The authors note that using the right language “is not a matter of political correctness; it affects the core of our interactions” and say research is now needed to explore the impact that such language could have on patient outcomes.

Much of the language highlighted here is deeply ingrained in medical practice and is used unthinkingly by clinicians, they write. Clinicians should consider how their language affects attitudes and choose language that facilitates trust, balances power, and supports shared decision making.

Prominent public health expert retires

Dr Stephen Duckett (PhD) has officially left his role at the Grattan Institute after almost 10 years pushing health reform at the think tank.

The former secretary of the federal Department of Human Services and Health, Dr Duckett has been one of the country’s leading health policy gurus and an occasional bête noire for the AMA.

His most recent major fights with the medical profession have centred on his advocacy for capitation in primary care, while his final report took aim at the rising average fees charged by specialists around the country.

“Governments need to act, so that people who need healthcare can get it in a reasonable time frame, rather than face prolonged waits for an outpatient appointment or miss out on care altogether because of unaffordable out-of-pocket payments,” he argued.

In a blog post late last year Duckett said he was particularly proud of his advocacy for so-called COVID-zero over the past few years.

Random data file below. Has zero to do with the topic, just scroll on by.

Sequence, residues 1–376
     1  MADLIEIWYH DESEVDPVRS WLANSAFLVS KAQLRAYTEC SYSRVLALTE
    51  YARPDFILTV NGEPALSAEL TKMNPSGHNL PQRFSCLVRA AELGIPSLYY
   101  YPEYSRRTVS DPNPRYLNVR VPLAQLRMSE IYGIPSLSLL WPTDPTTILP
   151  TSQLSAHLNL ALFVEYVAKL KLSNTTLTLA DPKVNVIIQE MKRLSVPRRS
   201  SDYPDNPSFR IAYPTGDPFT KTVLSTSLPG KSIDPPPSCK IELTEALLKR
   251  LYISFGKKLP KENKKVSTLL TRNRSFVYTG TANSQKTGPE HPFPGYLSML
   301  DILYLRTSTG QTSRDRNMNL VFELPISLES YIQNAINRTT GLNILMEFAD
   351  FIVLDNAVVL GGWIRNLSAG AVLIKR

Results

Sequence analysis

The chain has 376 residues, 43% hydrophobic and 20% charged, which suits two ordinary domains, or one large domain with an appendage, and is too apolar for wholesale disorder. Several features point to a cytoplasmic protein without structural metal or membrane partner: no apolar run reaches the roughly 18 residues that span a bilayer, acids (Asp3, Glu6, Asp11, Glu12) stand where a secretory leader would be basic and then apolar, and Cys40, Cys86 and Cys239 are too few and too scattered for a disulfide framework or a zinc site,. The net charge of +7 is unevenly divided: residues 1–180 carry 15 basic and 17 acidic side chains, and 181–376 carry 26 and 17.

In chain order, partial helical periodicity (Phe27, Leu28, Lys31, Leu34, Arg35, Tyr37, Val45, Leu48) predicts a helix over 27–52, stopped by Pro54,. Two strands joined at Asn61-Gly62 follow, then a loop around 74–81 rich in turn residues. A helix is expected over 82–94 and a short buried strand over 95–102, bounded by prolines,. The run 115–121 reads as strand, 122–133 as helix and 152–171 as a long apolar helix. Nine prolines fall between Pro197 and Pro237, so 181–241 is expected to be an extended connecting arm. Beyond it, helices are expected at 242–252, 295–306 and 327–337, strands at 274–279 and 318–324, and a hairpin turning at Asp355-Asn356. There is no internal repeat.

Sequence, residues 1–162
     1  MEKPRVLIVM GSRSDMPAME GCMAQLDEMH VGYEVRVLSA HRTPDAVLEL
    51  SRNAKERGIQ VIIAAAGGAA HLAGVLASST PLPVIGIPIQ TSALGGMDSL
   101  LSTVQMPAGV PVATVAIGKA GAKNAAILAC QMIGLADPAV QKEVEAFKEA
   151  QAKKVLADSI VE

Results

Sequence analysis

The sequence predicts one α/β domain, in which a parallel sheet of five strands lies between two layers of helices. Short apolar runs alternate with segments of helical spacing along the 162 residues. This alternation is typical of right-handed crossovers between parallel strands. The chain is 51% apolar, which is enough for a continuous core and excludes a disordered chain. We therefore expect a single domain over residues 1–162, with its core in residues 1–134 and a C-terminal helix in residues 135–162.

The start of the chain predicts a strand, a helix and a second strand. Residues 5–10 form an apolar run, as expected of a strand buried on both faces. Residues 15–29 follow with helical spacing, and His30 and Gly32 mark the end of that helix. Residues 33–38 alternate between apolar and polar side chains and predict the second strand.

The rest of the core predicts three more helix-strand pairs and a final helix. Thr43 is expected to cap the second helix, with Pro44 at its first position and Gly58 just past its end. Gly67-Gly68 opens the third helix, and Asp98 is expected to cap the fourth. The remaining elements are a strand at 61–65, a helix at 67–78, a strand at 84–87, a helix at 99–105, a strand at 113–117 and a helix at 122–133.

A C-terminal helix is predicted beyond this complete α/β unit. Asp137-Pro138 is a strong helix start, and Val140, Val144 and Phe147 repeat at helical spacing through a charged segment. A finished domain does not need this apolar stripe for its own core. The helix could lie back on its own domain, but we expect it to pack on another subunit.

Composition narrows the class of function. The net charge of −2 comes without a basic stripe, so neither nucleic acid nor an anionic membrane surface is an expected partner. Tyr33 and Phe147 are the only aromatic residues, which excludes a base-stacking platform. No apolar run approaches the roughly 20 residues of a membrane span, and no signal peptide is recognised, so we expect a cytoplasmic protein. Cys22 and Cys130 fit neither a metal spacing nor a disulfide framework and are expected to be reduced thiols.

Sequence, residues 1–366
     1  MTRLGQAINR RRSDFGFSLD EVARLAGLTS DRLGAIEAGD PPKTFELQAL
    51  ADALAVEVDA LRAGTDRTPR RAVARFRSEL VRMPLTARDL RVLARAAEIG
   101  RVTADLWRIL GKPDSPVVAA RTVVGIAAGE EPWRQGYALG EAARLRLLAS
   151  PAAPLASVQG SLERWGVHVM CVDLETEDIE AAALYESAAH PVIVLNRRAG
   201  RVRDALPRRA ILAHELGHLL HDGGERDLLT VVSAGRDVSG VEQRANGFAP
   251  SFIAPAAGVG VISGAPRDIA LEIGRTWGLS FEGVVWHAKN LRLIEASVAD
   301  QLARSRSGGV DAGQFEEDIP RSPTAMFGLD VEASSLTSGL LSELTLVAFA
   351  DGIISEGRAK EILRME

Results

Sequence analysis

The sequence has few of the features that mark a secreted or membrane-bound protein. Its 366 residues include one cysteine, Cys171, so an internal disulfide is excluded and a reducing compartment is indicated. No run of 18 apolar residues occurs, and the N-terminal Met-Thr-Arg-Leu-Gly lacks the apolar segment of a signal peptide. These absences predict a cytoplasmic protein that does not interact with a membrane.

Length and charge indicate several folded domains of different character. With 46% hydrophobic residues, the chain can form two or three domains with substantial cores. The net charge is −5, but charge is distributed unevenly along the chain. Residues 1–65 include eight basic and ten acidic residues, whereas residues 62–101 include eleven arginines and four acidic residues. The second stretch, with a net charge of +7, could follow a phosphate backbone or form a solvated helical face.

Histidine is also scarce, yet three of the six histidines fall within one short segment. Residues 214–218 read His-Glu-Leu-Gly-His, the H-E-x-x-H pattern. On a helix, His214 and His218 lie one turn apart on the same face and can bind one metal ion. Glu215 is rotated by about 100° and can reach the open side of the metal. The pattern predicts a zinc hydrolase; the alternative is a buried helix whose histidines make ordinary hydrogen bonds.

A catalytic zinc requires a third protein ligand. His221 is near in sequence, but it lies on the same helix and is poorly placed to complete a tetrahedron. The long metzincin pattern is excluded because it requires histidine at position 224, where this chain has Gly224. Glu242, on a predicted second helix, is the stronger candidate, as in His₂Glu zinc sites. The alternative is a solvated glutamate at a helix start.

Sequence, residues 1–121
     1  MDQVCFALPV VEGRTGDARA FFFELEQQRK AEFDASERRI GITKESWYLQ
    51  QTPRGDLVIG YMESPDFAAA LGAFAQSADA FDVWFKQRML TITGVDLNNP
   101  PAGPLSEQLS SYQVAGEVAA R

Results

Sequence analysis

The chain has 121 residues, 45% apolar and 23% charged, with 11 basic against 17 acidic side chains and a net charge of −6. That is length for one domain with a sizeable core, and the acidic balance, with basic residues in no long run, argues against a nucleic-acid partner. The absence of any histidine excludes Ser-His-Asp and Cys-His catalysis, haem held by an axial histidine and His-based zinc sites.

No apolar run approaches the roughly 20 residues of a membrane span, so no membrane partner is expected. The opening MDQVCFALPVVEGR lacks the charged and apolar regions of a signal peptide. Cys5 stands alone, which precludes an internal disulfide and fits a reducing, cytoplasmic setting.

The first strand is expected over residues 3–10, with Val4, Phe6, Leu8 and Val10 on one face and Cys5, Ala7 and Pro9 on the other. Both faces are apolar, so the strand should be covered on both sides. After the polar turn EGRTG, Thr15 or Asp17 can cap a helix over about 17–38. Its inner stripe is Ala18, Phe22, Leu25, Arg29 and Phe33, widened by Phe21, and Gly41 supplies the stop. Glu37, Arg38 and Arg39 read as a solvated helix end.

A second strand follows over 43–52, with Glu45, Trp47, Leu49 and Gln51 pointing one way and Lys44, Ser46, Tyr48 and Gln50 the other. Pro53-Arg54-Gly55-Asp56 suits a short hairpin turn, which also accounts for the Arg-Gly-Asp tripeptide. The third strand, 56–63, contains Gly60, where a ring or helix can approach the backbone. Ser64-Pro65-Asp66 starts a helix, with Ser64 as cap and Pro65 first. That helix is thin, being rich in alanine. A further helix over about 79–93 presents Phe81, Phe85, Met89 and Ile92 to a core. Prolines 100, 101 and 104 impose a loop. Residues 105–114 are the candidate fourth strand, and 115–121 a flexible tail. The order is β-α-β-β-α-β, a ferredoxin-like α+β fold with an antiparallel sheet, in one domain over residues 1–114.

But his impact had been far wider.

“What I’ve been on about at Grattan…is trying to change the way people think in the health sector and in public policy,” he wrote.
Dr Duckett said he was now planning to focus on writing, with a book on the ethics of healthcare funding already underway.

He said he also planned to continue as chair of Eastern Melbourne Primary Health Network and on the boards of the Brotherhood of St Lawrence and the Royal Melbourne Institute of Technology.

Cardiovascular benefits seen after bariatric surgery

Bariatric surgery has substantial cardiovascular benefits for people with obesity, reducing the risk of heart failure, myocardial infarction and stroke by up to 50%, according to international research.

A study from the Cleveland Clinic analysed outcomes for almost 95,000 obese patients who underwent bariatric surgery with a matched group of people who did not have surgery.

They found that after a median follow-up of four years bariatric surgery was associated with a 37% lower risk of mortality (9.2 vs 14.7 per 1,000 person-years; Hazard Ratio: 0.63), 54% lower risk of new-onset heart failure (HR: 0.46), 37% lower risk of MI (HR: 0.63), and 29% reduced risk of stroke (HR: 0.71) (P < 0.001).

The number needed to treat with bariatric surgery to prevent death at three years was 64 and to prevent a major cardiovascular event was 15 patients.

The benefit of bariatric surgery was most evident in patients who were 65 years and older, the authors wrote in the Journal of the American College of Cardiology.